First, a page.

Anyone who knew Rebecca Kadaga in the early years of her career would remark at how ironic her initial aversion to relying on a government position as her road to success transformed into a 22-year-long exodus as a National Resistance Movement (NRM) politician.
When she opened Kadaga and Company Advocates in 1984 after a stint as legal assistant at Obol Ochola Law Chambers, she seemed set for a life away from government and direct participation in politics.
But, the government service she started as the Member of Parliament for Kamuli District in 1989 built up to her current position in the third-highest political office as Uganda’s first female Speaker of Parliament.
Her landslide victory of 302 votes to Nandala Mafabi’s 72 on 19th May 2011 signaled Ugandan MP’s readiness to follow her example of putting national interests above party politics. Validation for “the people’s speaker” tag came quickly.
In April 2012 when Uganda became the first East African country to host the Inter-Parliamentary Union, the world’s largest union of 159 national Parliaments, she called on NRM and non-NRM support in showcasing Uganda’s positive attributes to the visiting delegates.
But the Forum for Democratic Change (FDC) and Activists for Change (A4C) staged a walk-to-work protest during the assembly that was, in her opinion, the 9th Parliament’s contribution to Uganda’s golden jubilee celebrations. Many opined the opposition had taken advantage of her accommodative attitude.
The style with which she referees parliamentary sessions is evenhanded, a trait so unusual among party-affiliated politicians that she has publicly said she will not give in to pressure from fellow NRM party members to muzzle opposition voices.
The example of her conduct, and directly marketing a Ugandan candidate to other states helped Margaret Zziwa become a speaker at the East African Legislative Assembly. For such efforts she won an award for helping the East African integration process, and also earned the respect of most Ugandans for being the voice of reason in a Parliament fraught with political frictions.
Kadaga the fearless
Two weeks after her election, the Hansard of May 25th 2011 quoted her thus, “You know hon. Members I did not want to apply the rules strictly during this orientation. I am waiting for you to have maiden speeches before I start hitting people on the head. The whip will be later; for now let us just listen to each other.”
When the hitting began, she was accused of selectively interpreting house rules to her advantage when she initially refused to recall Parliament until MP’s stipulated the agenda for the discussion on Uganda’s oil agreements, even though they had the one-third required for reconvening.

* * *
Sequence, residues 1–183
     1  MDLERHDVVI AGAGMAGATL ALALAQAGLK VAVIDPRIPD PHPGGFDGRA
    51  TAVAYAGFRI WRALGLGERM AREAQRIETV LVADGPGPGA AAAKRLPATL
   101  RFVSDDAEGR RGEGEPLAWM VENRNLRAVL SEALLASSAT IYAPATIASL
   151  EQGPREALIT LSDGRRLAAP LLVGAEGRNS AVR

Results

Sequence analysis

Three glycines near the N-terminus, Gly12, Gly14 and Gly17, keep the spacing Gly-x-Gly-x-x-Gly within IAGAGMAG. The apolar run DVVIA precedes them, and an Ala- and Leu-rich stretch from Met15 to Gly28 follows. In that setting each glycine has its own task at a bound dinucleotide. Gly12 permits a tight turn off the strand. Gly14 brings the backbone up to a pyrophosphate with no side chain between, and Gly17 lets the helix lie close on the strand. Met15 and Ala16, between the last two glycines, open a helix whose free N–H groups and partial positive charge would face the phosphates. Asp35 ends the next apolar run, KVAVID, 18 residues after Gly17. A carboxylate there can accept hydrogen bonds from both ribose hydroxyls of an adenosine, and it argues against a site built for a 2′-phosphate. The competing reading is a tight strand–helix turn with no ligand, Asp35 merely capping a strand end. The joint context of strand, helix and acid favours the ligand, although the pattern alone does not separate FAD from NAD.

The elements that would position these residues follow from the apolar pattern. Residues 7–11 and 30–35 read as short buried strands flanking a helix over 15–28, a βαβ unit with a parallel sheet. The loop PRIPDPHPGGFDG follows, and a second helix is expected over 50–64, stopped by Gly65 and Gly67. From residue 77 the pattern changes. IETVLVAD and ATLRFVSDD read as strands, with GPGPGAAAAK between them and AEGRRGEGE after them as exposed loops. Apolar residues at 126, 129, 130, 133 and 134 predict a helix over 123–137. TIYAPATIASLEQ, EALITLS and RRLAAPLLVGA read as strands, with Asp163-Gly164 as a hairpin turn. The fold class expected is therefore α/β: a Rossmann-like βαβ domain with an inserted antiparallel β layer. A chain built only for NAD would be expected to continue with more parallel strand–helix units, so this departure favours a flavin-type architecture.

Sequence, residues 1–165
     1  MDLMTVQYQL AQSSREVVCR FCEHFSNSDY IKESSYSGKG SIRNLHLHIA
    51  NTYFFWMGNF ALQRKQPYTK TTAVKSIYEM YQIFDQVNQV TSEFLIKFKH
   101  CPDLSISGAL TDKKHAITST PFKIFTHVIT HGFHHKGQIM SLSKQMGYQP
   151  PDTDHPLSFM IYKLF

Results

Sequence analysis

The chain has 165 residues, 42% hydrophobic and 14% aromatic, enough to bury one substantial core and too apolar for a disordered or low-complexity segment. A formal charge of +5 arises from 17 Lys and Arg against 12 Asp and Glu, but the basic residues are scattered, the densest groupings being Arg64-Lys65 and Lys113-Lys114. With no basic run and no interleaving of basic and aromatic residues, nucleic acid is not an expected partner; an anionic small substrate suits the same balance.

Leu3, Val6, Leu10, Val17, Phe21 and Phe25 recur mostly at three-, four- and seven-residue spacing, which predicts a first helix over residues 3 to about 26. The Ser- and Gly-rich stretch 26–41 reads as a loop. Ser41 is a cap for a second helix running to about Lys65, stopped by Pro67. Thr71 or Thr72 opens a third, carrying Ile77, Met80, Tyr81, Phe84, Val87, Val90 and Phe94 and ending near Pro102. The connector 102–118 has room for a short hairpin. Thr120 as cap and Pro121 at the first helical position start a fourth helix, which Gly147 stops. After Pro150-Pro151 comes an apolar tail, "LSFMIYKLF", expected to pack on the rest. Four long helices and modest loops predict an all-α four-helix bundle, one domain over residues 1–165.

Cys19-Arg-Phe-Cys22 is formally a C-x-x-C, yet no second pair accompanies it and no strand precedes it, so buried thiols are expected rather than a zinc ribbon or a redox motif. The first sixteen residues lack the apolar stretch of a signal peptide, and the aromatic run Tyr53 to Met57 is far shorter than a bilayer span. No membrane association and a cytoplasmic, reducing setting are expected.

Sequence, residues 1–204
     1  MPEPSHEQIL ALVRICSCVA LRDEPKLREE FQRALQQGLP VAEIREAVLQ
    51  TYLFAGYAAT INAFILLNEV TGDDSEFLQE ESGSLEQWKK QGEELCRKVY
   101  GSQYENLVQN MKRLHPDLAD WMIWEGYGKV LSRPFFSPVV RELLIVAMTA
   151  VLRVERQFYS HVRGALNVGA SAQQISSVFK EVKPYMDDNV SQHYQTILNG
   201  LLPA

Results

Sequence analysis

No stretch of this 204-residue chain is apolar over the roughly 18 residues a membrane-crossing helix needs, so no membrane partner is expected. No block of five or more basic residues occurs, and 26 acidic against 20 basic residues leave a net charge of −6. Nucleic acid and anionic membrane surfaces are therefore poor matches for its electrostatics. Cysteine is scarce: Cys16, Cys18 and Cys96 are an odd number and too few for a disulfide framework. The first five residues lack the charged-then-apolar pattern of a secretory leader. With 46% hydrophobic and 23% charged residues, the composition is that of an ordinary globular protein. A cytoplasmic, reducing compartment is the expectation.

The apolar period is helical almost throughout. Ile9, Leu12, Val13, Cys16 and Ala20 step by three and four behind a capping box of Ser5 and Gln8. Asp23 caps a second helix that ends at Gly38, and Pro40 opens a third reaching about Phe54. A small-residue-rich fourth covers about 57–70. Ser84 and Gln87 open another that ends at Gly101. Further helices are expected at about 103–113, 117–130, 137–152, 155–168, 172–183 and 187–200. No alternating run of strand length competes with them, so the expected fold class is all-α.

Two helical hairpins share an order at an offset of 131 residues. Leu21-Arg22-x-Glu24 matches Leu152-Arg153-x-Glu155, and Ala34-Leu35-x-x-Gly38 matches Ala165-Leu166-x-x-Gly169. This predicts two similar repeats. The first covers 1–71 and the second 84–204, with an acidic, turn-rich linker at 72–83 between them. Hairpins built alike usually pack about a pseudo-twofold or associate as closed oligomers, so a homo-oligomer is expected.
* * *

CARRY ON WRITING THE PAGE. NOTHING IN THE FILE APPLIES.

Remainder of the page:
By the time of reconvening on October 10th 2011, her argument of not meeting only to greet each other in order to save taxpayers money on MP’s sitting allowances won admiration from most Ugandans for standing her ground even when they threatened her with a censure motion.
When she instituted investigations for oil-bribe allegations on 3 ministers—Premier Amama Mbabazi, Foreign Affairs Sam Kuteesa, and Hilary Onek of Internal Affairs, it seemed like a betrayal to the party since, like them, she too was an NRM MP.
Ugandans appreciated her readiness to fight beyond lip-service what she called crisis-level corruption that cost East African member states a combined annual loss of 500billion and with 20% of government budgets being diverted for private use by officials.
That she still maintains objectivity which is a rare quality for lawyer-legislators who lose any they ever had with the deal-making and appeasement that attend the political process is another reason why many, including even opposition Attorney General Abdu Katuntu who led the reconvening-for-oil crusade, call her the “best speaker Uganda has ever had.”
Uganda’s next top leader?
Even with the hurdle of NRM primaries to jump past if she ever heeded popular opinion and vied for Uganda’s presidency come 2016, Rebecca Kadaga is being encouraged to announce her candicacy, which she told Busoga region leaders she will do only if other regions backed her up.
Consistency of objectivity in political decision-making, and social justice for grass root wanainchi, the qualities she is currently adored for position her as a viable option for female president, which many think is the elixir that will positively transform Uganda’s politics. Results of a survey conducted by Research World International from March 19th to April 6th 2012 showed 62% of respondents seconded her being Uganda’s next President. This resonated with Kabale Diocese’s Rev. Fr Gaetano Batanyenda’s assessment of her as “the best woman candidate for the presidential race come 2016.”
Whether her political career will survive the in-fighting in NRM created by such speculation, or whether the party will survive the succession debate she has been sucked into remains to be seen.
• Born 24th May 1956 in Kamuli to George Wilson Madali and Eve Kadaga.
• Attended Shimoni Primary School and Namasagali College
• Bachelor of Law, Makerere University (1978)
• Diploma Legal Practice, Law Development Centre (1979)
• President, Federation of Uganda Women Lawyers (1986/1989)
• Secretary General, East African Women Parliamentarians Association (1996)
• Uganda Minister for Regional Cooperation ; Africa and Middle East (1996-98)
• State Minister of Foreign Affairs for International Cooperation (1996-1999)
• Minister of State for Communication in charge of Aviation. (1998-99)
• Minister of Parliamentary Affairs (1999-2000)
• Diploma in Women’s Law (2000) and MA; Women’s Law (2003), University of Zimbabwe.
• Deputy Speaker of Parliament (2001-2011).